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We May Not Have a White Christmas, but We’ll Have a Blue Advent!

News--Blue Advent

One of the distinctives of the Anglican way of worship is our liturgical observation of the different seasons of the Church year. The rhythm of these seasons follows that of Christ’s life, so that each year we are reminded of the key events in his life and God’s plan of salvation through prayers and songs and colorful vestments and liturgical hangings appropriate for each season. This year, we will be making a change in our Advent colors from purple to blue, both of which have a long tradition in the Anglican way of worship.

For years, we have been using the same purple vestments and hangings for both Lent and Advent. Lent, of course, is the deeply penitential season that precedes Easter and focuses on sorrow for our sins. Advent, on the other hand, is a season of expectation and hope as we look towards the coming of the promised Messiah at Christmas and towards His Second Coming in power and great glory at the end of the age. Because of this difference in emphasis, many Anglican churches reserve the purple hangings and vestments for Lent and use blue hangings and vestments for Advent. This custom is deeply rooted in the Church of England, where some cathedrals have had the tradition of using blue for Advent for centuries. Part of the reason both blue and purple have been used is that most ancient documents commend the use of indigo dye, which was expensive and difficult to obtain, and which yielded results that ranged between blue and purple.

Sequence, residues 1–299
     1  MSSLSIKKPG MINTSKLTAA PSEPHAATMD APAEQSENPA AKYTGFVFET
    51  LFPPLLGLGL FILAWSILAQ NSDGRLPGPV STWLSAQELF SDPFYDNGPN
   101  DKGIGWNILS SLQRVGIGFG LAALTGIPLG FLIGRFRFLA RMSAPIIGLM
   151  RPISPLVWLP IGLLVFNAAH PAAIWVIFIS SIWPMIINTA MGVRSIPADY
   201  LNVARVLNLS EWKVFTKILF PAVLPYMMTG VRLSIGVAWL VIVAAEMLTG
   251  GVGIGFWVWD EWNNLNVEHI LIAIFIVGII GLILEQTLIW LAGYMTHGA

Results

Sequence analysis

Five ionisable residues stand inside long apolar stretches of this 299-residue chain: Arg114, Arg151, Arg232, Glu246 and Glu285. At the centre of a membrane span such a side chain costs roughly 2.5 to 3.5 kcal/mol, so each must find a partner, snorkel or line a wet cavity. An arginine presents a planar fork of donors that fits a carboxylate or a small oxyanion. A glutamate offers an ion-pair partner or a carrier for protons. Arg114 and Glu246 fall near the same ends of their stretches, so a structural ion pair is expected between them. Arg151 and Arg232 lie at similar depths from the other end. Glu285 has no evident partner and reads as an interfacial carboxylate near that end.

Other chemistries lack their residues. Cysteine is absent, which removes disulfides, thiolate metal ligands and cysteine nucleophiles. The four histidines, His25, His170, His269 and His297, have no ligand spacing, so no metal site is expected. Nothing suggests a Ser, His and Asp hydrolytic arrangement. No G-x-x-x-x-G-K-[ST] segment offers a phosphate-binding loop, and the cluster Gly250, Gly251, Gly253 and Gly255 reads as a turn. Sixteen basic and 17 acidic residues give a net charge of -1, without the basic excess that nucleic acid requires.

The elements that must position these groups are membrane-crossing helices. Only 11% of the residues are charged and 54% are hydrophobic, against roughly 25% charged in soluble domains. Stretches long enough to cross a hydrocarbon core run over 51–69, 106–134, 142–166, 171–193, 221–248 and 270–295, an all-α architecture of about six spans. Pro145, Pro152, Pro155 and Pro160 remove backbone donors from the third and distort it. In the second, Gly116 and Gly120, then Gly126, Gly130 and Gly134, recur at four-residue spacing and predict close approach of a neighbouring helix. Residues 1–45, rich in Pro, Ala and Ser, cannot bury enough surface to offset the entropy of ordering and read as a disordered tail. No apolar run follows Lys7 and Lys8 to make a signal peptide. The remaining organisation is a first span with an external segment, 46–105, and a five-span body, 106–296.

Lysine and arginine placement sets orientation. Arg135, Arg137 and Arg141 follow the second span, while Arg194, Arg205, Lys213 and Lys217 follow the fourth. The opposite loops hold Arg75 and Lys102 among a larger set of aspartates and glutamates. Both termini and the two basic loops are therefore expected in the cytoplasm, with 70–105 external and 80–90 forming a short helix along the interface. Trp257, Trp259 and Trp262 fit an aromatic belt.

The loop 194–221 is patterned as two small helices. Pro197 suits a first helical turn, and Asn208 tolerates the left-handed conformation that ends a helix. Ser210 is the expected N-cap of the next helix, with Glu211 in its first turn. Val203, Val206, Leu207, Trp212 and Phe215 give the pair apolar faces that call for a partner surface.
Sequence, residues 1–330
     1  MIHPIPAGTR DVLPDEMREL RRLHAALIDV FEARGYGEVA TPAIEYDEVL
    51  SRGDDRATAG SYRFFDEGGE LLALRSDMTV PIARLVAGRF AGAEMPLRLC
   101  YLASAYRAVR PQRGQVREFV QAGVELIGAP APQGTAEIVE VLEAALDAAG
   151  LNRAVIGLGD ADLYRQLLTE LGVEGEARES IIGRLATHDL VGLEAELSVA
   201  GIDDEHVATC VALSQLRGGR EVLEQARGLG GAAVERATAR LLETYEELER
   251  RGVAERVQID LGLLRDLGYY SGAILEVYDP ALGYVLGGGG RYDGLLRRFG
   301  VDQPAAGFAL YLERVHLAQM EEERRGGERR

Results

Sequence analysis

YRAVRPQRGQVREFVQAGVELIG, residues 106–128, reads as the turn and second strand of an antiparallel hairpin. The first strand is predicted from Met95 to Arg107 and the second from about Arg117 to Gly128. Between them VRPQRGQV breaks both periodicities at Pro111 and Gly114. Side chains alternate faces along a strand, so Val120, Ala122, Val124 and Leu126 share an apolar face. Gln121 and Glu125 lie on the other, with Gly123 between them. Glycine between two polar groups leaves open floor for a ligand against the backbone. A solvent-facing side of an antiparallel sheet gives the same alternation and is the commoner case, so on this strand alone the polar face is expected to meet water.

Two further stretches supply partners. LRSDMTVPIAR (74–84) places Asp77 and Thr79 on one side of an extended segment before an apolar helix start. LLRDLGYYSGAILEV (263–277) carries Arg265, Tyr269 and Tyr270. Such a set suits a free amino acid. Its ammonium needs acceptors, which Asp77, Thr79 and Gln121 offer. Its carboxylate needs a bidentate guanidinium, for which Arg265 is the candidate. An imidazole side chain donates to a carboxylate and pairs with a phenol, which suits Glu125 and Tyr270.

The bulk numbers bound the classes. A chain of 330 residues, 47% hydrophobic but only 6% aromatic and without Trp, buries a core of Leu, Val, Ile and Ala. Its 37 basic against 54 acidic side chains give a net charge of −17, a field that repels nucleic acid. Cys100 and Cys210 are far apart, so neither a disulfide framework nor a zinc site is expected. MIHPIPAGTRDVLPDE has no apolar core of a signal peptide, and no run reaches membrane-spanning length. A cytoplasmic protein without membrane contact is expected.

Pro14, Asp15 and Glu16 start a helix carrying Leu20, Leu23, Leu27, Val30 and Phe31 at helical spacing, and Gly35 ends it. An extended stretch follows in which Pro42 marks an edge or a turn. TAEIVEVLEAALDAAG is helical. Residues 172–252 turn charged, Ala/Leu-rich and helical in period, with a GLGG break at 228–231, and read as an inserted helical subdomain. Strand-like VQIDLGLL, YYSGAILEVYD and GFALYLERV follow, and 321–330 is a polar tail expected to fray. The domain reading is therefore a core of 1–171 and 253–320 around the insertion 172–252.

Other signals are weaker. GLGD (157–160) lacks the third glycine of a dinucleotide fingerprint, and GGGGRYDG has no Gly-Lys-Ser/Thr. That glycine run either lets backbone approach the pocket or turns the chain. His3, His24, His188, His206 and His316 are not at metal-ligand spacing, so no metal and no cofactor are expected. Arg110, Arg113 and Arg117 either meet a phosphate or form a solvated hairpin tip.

York Minster Altar

The Advent hangings of The Cathedral and Metropolitical Church of Saint Peter in York (North Yorkshire, United Kingdom), more commonly know as York Minster. 

In the 19th century, when there was an effort in the Church of England to bolster the beauty of holiness in its worship services, Anglican church scholars researched which practices had long been part of the Church of England and were part of its heritage, often referring to these as Sarum Rite or English Use practices, referencing the ancient liturgies originating around Salisbury Cathedral. The great scholar-priest the Rev. Percy Dearmer, who was a Canon of Westminster Abbey as well as a renowned hymn writer, wrote the influential Parson’s Handbook in 1899 and notes the use of blue and violet vestments in Salisbury dating back to the 13th century. Many of the great cathedrals in England as well as a number of the Chapels Royal continue to use blue for Advent today.

A generous donor, who wishes to remain anonymous, has given us a beautiful set of hangings and vestments in Advent blue. For us at St. Philip’s, our hope is that this use of blue at Advent will remind us of the hope and expectation of this great season as we look towards the great miracle of Christ’s Incarnation. We are as those waiting under a dark night sky waiting for dawn to come and the Light of the World to shine. As this beloved hymn written over 300 years ago puts it,

Our hope and expectation, O Jesus now appear,

Arise Thou Sun so longed for o’er this benighted sphere!

With hearts and hands uplifted, we plead, O Lord, to see

The day of earth’s redemption and ever be with Thee.